But trends have changed. Due to work demands, parents cannot be at home with their children for the four years. Therefore, parents now desire to take their children as early as one year to a suitable school for such a child at such age. The public schools cannot admit and absorb children below age four. This clearly shows that certain changes and additions are needed in the public school to cater for the change in purpose of early childhood education. This has led to the mushrooming of various unlicensed day-care centres, crèches and nurseries (though some are licensed and are doing very well in early childhood education delivery) by private entities to take care of the new expectation of society toward education.

The public school should have taken the lead. Even parents in the rural areas who are predominantly in the informal sector will leave their children as young as two years with a nearby private nursery school. This is a signal that some changes and additions are needed in the public school system. The addition of a pre-school stage specifically the nursery to the public school levels will not just serve the demands and present needs of society but it will help prepare the child enough for active formal school work.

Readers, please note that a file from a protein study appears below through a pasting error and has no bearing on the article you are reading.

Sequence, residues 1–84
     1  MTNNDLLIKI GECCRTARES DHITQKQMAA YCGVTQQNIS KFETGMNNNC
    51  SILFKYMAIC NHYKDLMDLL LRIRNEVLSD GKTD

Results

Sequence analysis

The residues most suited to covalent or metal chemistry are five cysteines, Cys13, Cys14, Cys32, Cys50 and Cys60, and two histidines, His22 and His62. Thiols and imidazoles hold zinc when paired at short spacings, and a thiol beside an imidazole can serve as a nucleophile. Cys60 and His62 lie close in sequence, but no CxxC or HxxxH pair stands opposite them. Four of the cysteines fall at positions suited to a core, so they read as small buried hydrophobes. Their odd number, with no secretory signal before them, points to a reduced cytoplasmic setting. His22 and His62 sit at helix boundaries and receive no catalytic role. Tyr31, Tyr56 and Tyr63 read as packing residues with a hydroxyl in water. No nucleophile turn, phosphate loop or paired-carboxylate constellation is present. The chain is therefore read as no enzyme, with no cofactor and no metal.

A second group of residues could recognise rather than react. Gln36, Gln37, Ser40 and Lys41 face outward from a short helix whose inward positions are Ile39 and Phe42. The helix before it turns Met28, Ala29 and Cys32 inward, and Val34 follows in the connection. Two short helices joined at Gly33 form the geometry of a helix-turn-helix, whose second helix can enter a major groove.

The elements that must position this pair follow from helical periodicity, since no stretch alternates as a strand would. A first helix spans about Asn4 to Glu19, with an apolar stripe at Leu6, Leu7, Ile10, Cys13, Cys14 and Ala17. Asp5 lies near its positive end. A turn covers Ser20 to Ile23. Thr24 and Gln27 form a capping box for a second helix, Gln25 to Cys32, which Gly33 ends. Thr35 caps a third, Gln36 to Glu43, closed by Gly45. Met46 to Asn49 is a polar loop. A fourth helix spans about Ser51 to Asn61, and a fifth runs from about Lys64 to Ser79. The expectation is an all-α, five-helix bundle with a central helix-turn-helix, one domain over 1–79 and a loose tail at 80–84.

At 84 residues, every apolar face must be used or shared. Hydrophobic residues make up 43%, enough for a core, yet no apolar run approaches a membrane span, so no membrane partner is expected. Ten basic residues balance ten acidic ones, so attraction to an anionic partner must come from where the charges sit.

A careful and meticulous analysis of the kindergarten curriculum in the public school reveals that at KG1 as it is popularly known, the child is expected to learn up to the numeral ten (10). This is what the KG1 teacher is supposed to teach per the curriculum provision.

This is the reality on the ground. Because it is assumed that is the child’s first encounter with formal academic work so it is loaded with a lot of pre- reading, pre-writing and purposeful play activities which would have been taken care of if there was nursery in the public school. But unfortunately, public school teachers at the kindergarten are unfairly judged that they are not teaching but do a lot of rhymes and play activities so they are very lazy.